afternoon and tomorrow morning. liminary contests which were held last n Michigan will be given a ten (ay
aftMrnooniand tomorrowymorning.NNEweek. Five members of the faculty vacation at the Fresh Air camp. A
"n haveThrtbneen "selected to j"dge the co"- lrepr o h epneoftecm
test. There will be ino admission is borne by Outsi~de contributions La Sociedad Hispanica will give a COU CLE DEGISIRIION
Into Law Society charge and the pubic is invited, from friends of the Student Christian dinrer in honor of the cast ofA JunaT
______ ~~~associationi Fresh Air camp. Approx- de las Vinas" Tuesday, May 12 at the f[1 ION TO
Thirteen junior law students were RATnBITlNW9TSimately $5000 is needed to run the Union, it was annonceed yesterday.
initiated Wednesday by Banristers, SRLI I TI YN~caump to accomodate ,500 boys, an Members of the society who wish to 'R tf-
senior honorary law society. Follow- (faverage of $10 being spent on attend may telephone L. W. Hoffman, Registration of students who wish
ing the initiation, a banquet was held A MS OTRVANS[O each camper. '25 at 4718, for reservations. Thoser to vote in the annual al-campus i
in the Union, at which F. R. Allaben,, in charge of the program tve ecur- elections on Wednesday, May 13, wil
'25L, was toastmaster. D. E. Mac- ed the Midnight Son's quartet of the be continued today from 9 at 2
Ellven, '25L, gave a welcome speech Geneva, May 7.-Great Britain dro- Glee club to sing while negotiations o'clock. Booths will be
to the new members, and Richard ped a bomb on Geneva tonight when II Lare under way to obtain several other four points on the campus, in front
Ford, '26L, responded for the ini- i she proposed before the international i acts for the affair.n of the library, at the engineering
tiates. Evans Holbrook of the law conference on the conrtol of arms and aElction of the soiety's officers arch, at the State street end of the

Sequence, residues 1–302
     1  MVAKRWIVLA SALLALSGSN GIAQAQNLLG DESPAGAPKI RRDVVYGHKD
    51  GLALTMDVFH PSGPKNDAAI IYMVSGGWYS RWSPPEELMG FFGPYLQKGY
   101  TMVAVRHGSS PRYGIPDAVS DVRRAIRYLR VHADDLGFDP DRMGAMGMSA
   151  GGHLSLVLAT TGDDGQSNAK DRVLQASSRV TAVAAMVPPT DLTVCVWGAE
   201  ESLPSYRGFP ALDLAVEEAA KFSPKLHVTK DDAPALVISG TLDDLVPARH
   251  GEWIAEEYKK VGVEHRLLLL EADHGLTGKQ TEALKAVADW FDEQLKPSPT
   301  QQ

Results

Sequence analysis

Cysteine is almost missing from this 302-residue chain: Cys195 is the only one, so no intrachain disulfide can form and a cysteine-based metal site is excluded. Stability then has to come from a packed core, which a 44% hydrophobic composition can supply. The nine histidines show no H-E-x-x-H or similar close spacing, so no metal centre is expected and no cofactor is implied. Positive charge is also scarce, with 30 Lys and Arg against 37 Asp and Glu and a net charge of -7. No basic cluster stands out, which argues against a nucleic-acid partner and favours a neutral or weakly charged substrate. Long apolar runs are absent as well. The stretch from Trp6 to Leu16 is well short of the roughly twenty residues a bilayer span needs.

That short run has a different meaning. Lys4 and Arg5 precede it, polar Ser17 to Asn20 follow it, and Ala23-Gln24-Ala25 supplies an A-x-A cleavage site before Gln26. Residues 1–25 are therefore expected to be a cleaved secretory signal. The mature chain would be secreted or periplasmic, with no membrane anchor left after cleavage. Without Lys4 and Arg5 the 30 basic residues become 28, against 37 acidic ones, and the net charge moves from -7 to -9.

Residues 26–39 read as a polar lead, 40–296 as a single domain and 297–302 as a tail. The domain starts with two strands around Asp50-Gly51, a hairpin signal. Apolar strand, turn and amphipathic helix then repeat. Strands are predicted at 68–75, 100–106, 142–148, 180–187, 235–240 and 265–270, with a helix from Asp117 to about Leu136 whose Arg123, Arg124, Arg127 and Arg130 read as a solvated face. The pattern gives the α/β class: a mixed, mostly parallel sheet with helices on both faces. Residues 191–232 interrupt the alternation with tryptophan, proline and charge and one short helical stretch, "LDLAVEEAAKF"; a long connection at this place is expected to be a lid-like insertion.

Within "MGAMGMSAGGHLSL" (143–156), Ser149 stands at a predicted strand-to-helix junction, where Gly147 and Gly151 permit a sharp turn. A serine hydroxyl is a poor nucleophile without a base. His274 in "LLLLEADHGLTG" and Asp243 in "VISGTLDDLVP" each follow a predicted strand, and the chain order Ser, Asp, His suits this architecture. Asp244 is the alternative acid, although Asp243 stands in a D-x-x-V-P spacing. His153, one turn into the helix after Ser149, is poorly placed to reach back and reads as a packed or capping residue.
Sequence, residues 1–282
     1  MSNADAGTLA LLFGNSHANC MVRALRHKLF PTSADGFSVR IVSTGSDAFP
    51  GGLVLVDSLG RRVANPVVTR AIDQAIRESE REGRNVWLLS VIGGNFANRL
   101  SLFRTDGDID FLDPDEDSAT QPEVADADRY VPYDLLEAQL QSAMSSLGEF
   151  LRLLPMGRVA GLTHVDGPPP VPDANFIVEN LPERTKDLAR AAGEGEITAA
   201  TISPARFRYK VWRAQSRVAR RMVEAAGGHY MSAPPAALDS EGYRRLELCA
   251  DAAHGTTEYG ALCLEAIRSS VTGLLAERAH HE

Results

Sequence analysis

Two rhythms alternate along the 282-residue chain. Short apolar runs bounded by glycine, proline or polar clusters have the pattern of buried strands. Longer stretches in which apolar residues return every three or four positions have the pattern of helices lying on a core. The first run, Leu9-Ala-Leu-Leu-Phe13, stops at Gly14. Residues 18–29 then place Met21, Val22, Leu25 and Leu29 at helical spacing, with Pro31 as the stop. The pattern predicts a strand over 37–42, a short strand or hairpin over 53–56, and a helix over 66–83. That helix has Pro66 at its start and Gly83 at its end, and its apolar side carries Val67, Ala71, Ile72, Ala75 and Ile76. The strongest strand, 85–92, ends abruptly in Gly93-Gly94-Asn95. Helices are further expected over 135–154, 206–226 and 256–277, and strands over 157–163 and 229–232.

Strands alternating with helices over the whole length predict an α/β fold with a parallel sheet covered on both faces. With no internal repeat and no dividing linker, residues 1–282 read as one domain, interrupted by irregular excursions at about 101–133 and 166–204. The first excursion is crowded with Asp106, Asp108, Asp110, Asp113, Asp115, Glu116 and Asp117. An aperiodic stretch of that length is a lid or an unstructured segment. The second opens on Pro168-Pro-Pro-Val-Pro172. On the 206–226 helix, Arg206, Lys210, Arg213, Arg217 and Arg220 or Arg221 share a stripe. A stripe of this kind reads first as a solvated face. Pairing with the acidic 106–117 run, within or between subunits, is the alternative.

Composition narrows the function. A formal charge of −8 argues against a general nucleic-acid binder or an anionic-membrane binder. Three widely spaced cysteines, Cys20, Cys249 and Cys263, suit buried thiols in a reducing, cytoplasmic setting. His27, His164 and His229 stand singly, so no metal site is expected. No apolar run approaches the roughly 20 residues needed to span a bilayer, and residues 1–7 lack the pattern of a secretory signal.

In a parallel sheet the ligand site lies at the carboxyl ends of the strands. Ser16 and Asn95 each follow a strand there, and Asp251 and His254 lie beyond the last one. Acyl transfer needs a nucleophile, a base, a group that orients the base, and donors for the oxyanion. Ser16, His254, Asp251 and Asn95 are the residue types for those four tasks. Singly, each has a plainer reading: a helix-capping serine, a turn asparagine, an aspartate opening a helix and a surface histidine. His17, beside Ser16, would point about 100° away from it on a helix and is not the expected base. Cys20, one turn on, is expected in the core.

school also gave an address. ammunitions that warships be omit- for next year will take place Wed- diagonal and in front of the Union.
Those initiated to the society are ted from the category of armaments lnesday, May 13 at the Union. The In order to vote at the approaching
Richard Ford, F. E. Lewellen, R. D. which will be subject. to international Amendments to the constitution of candidates for president are John election preliminry registration is
Law, L. L. Landman, R. L. Marquis, control. Japan and Italy supported the Oratorical Association will be Jay 25, and L. . Bartley, 26; o necessary. Due to the acities of
C. J. Munz, Jr., L. B. Parks, DaneYIthe British move. voted upon immediately preceding the vice-president, Millie Moorman, the Swing-Out ceremonies yesterday,
Peterman,' C. C. Purdy, Arthur Rob- A move of another kind was made Atkinson Oratorical contest which will 26Ed, Genevieve Speers, '26, and Mi- the number of registrations was be-
inson, T. C. Strachan, E. T. Stbich, earlier in the day when Theodore E. I be held at 8 o'clock tonight in Uni-ded Burch, '27; for secretary, Mar- low the number expected.
and A. H. Williams. Burton, of Ohio, proposed an enitrely I versity hall. According to the con- dre Bun, '2 Arsrey ar-
and__A.__H.__Williamnws.n gamet Clemens 2, Au ry Alet
newclause in the convention whereby stitution of this organization all mem- 26 and Marion Kubik, '27; for trs-
Copenhagen, May 7.-What lhe p0- international traffic in poison gas for bers of the faculty and students of ', M ri. L uy k, C. T. Leas Foreign Students
lice believe to have been a plot to i war purposes would be prohibited. tihe University are qualified to vote Iandr .M. Sinlair , '27. Following TO H old Banuet
massassinate Premier Stauning of Den- Mr. Burton appeals for favorable upon such amendments whih must iHe election, Prof. Charles P. Wagner